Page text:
By Kate LoeschMay 17, 2019 10:50:50If you think you have a “salt water flush,” it’s not going to work.
It’s not as good as you think, according to a new study.
A team of researchers at the University of Missouri Medical Center and the University at Buffalo School of Medicine examined the effects of the new water-saving technology, which uses a salt water solution instead of water to flush the toilet.
The researchers found that, for some people, the new technology is not worth the money.
For instance, one woman in her 50s who had been using the technology for three months told the researchers she was using twice the amount of water per flush.
Another woman in a similar age group was told her shower was costing $10 a day.
In contrast, a woman who had used the water-based toilet flush for six months said she was saving $70 a month.
When the researchers asked the woman what she was doing differently from the standard flush, she said, “I use the soap.”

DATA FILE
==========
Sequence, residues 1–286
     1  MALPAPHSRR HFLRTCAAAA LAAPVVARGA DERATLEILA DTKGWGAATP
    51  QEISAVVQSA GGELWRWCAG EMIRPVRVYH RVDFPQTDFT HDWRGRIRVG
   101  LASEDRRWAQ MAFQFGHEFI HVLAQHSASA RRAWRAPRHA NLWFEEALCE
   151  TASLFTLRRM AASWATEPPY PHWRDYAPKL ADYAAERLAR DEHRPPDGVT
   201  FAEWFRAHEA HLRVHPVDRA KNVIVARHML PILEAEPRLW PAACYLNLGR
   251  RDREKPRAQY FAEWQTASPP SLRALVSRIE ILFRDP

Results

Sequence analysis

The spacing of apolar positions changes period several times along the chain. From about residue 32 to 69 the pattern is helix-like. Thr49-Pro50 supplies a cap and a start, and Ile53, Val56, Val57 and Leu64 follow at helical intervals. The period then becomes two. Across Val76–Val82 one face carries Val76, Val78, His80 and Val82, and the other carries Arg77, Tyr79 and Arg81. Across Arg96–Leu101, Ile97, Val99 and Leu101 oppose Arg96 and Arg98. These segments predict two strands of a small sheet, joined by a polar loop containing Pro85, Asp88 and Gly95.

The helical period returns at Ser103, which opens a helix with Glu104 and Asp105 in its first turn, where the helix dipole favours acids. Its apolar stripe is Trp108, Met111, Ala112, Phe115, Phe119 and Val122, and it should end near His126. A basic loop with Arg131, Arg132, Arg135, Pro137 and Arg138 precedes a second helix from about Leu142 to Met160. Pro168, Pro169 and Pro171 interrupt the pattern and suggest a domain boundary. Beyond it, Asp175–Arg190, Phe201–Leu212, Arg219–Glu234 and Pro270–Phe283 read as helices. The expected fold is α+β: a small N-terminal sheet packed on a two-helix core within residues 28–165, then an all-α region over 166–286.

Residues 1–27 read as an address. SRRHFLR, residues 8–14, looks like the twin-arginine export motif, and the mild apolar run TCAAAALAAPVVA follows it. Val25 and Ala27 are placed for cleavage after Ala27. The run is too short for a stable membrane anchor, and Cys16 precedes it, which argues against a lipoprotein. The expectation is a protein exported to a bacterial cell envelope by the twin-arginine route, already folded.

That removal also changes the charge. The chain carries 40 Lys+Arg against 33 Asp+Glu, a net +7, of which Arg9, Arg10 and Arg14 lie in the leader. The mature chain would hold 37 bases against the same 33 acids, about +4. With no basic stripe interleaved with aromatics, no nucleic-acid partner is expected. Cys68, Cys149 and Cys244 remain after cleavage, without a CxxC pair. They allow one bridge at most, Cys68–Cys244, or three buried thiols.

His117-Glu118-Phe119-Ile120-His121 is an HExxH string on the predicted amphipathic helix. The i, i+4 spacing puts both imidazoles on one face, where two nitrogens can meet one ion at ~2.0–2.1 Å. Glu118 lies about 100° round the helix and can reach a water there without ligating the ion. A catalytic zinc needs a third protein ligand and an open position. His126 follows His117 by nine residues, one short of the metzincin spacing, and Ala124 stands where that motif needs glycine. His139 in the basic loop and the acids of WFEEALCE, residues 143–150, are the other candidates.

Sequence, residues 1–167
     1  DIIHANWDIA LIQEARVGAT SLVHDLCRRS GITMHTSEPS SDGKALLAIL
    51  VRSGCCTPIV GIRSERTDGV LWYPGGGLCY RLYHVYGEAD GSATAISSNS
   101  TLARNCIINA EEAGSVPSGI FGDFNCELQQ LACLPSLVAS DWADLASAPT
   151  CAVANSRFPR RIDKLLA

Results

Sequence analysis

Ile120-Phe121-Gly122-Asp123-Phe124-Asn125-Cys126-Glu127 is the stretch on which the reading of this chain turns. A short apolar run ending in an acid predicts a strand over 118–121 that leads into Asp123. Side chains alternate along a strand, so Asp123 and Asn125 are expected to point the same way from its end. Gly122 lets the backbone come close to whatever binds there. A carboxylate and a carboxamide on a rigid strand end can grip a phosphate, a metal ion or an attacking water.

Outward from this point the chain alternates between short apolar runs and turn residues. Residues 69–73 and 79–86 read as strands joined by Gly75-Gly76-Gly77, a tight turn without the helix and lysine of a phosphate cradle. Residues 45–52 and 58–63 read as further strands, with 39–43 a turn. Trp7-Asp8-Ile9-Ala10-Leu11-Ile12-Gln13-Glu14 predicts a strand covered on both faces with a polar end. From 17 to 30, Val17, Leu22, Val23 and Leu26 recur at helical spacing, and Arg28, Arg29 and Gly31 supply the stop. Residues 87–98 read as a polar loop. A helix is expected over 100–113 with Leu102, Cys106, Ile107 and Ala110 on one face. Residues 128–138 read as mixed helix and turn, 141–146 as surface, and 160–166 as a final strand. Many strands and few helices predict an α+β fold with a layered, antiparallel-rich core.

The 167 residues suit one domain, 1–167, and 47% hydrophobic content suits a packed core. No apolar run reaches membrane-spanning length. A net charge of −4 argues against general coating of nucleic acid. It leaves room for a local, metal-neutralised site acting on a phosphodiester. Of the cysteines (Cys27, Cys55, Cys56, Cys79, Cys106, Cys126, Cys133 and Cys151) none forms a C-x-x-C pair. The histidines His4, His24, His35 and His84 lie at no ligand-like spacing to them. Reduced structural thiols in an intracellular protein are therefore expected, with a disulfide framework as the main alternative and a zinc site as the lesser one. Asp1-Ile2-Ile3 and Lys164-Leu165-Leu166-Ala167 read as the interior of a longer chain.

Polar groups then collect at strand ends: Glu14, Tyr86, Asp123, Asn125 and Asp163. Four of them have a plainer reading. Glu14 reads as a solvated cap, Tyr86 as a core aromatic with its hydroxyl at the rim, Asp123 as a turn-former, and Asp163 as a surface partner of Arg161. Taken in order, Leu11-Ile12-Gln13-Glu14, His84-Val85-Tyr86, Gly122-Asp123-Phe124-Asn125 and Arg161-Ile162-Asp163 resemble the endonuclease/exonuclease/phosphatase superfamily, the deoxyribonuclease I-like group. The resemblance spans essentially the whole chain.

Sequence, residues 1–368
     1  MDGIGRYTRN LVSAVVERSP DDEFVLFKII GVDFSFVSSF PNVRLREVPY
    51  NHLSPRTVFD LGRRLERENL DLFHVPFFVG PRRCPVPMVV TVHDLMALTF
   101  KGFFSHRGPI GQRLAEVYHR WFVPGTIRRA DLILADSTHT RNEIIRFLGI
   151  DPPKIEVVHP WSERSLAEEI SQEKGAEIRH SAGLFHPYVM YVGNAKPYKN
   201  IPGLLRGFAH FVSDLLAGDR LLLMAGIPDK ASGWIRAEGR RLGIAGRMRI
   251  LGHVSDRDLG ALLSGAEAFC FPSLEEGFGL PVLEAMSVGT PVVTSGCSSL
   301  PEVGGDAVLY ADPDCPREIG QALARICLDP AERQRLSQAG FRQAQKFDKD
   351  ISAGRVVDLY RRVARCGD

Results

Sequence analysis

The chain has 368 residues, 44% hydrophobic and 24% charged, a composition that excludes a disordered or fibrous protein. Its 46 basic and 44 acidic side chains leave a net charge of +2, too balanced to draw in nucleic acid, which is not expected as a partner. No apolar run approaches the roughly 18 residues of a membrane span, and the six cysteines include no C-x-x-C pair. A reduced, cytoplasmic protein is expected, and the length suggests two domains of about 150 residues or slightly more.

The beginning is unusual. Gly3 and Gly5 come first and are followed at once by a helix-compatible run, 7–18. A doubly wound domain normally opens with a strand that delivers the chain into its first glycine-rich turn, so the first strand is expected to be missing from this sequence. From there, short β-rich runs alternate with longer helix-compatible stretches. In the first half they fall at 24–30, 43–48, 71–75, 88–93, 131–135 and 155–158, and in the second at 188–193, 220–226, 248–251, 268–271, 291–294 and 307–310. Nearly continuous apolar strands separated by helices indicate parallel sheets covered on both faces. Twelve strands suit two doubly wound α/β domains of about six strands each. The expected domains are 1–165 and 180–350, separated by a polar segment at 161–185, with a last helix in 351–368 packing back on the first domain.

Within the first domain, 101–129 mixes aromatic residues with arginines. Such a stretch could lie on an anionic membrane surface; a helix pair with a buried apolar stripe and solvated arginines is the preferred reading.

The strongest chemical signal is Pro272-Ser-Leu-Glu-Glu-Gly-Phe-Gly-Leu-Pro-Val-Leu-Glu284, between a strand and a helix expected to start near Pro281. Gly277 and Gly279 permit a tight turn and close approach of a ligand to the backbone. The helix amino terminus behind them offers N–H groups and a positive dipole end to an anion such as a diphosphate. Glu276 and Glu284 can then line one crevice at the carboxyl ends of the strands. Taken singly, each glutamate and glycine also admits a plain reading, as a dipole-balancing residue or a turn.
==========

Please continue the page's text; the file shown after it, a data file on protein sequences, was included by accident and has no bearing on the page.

She told them that she washed her hands with a soap and water rinse.
The soap is water-soluble and water-free.
It has the added benefit of cleansing and making your hands feel cleaner.
The soap washes off clean.
It washes the water out of the water so that it stays in the toilet bowl and helps it flow better.
In the soap, bacteria and other pollutants are eliminated, said Dr. Karen Giese, lead author of the study.
The researchers also used the technology to study how people with irritable bowel syndrome and other conditions responded to using the water.
The study found that women who use the salt-based flush reported fewer side effects, like diarrhea and bloating, compared to those who use a standard flush.
The studies findings were published May 17 in the journal PLOS ONE.
Researchers said the study doesn’t prove that the water saving technology is effective.
They do not recommend it for everyone.
The study was funded by the National Institutes of Health and the National Science Foundation.